The text is that printed in Statutes of the Realm, vol. II, page 174, with the following changes: Subheads and extra paragraph breaks have been added, even in the middle of sentences, because such chunking of the text makes it easier for a modern reader to grasp the meaning. The special ligatures and symbols needed to represent abbreviations common in 15th-century handwriting, for which no equivalents exist in online fonts, have been spelled out.
ITEM, Whereas in the Time of the King's noble Progenitors it was ordained, That one Measure of the Corn should be through all the Realm of England, that is to say, Eight Bushels for the Quarter, and that every Bushel shall contain eight Gallons, by Force of which Ordinances such measure hath been used, with a Bushel of the said Quarter heaped;¹
[abuses by those buying grain for the King's households]
And notwithstanding the said good Ordinances and Usages, the Purveyors of Corn as well for the House of the Father of our Lord the King, as for the House of our Lord the King which now is, have taken before this Time for the said Houses continually Nine Bushels of Wheat and of other Corn for the Quarter, and that many Times by Measure not sealed, and also not stricken, against the Will of the Sellers of the same, and without due Price set upon the same after the Law of the Land, and also cause the Sellers to carry the said Corn to what Place that them pleaseth, without paying for the Carriage;
And the Merchants and Citizens of London, do use to take of every Seller for the Quarter of Wheat Nine Bushels, by the Measure used within the said city called the Fatt,² with the Bushel set upon the said Fatt, and yet make the Sellers to pay a Halfpenny for the measuring of every Quarter, and take for a Quarter of Oats Ten Bushels, wherby the Buyers of the Corn in the Country will not buy nor take for the Quarter of Corn, but in the same manner as the said Purveyors and they of the said City used to take, to the great Hindrance and perpetual undoing of the Commonalty aforesaid:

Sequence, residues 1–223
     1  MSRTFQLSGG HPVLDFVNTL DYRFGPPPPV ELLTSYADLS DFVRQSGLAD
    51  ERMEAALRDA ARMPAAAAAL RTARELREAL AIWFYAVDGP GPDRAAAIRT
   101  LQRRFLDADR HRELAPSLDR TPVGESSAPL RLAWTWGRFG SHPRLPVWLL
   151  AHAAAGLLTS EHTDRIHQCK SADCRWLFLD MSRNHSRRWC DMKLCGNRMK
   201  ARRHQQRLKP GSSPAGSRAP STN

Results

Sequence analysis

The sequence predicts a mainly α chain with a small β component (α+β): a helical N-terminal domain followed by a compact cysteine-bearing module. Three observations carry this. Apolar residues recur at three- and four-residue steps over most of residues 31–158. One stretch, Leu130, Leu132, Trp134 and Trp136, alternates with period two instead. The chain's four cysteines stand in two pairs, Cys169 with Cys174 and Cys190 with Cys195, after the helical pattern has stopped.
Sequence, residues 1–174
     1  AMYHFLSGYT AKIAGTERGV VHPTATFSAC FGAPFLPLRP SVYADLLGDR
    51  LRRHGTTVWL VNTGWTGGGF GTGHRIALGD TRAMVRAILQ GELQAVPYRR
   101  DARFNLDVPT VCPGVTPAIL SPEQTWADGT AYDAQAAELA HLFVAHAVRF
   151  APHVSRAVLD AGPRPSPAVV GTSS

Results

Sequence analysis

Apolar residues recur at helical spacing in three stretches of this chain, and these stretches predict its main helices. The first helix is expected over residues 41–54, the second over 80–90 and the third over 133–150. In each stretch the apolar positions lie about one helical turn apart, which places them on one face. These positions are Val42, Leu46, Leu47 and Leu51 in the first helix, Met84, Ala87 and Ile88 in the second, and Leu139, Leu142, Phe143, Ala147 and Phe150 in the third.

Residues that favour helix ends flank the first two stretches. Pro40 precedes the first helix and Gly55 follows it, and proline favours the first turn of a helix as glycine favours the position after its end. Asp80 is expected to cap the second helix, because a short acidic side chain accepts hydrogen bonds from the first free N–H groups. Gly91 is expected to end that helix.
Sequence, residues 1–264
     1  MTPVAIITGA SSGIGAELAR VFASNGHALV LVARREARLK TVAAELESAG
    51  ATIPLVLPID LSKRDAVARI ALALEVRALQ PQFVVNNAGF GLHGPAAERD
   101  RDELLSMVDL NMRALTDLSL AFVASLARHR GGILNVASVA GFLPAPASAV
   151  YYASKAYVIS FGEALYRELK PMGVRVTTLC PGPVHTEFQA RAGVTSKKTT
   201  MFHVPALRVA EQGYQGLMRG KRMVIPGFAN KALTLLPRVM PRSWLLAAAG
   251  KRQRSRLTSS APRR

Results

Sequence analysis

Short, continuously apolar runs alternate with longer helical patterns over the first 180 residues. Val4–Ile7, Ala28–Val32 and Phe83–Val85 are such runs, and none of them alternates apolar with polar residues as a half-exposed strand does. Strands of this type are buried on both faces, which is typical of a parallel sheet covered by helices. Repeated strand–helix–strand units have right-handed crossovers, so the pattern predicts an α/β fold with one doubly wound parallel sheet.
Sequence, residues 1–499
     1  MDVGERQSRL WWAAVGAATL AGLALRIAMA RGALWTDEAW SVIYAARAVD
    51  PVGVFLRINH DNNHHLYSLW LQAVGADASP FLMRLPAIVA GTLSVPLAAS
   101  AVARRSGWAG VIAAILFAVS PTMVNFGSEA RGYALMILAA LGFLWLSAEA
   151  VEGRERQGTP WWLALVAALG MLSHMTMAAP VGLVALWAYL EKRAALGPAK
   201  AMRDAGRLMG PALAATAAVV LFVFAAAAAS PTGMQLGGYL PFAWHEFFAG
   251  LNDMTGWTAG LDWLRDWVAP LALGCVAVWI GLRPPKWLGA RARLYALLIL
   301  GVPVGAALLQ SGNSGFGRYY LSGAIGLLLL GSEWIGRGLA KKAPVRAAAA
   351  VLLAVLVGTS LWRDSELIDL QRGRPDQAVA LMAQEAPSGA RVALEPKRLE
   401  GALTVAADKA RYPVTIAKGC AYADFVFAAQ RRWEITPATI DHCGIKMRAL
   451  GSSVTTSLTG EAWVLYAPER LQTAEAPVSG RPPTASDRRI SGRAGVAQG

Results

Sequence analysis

[eight striken bushels to the quarter, buyer to pay ready money for carriage]
It is ordained and established, That all the said good Ordinances be firmly holden and kept, after the Effect of the same; and that no Purveyor of our Lord the King, nor any other shall use hereafter to buy nor to take any Corn by any other Measure, but Eight Bushels striked for the Quarter; and that none be otherwise bound to deliver for the Quarter but Eight Bushels striked as is aforesaid ; and also that the Payment be made in Hand for the Carriage:
And that if any Purveyor of our Lord the King, or any other Person buy or take any Corn otherwise, or by other Measure but Eight Bushels striked for the Quarter, as in the said Ordinances is contained, and thereof be attainted, he shall have One Year's Imprisonment, and pay to the King an Hundred Shillings, and to the Party that feeleth himself grieved another Hundred Shillings, and that as often as any of them be thereof attainted; and that the Party which will sue, have an Action grounded upon the Case: And that the Justices of the Peace have Power to enquire and hold Plea of all these Things aforesaid, and upon that make Punishments as is aforesaid, as well as the Suit of the King as of the Party:
[no charge to be made for the measuring of grain]
And that from henceforth nothing be taken for the measuring of such Corn in any wise.
1. That is, of the eight bushels, only one was heaped.
2. Fatt. Some manuscripts say “Fate,” others say “Vat” or “Fatte.” “Fatt” is the usual term in modern discussions.
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Last revised: 1 January 2008.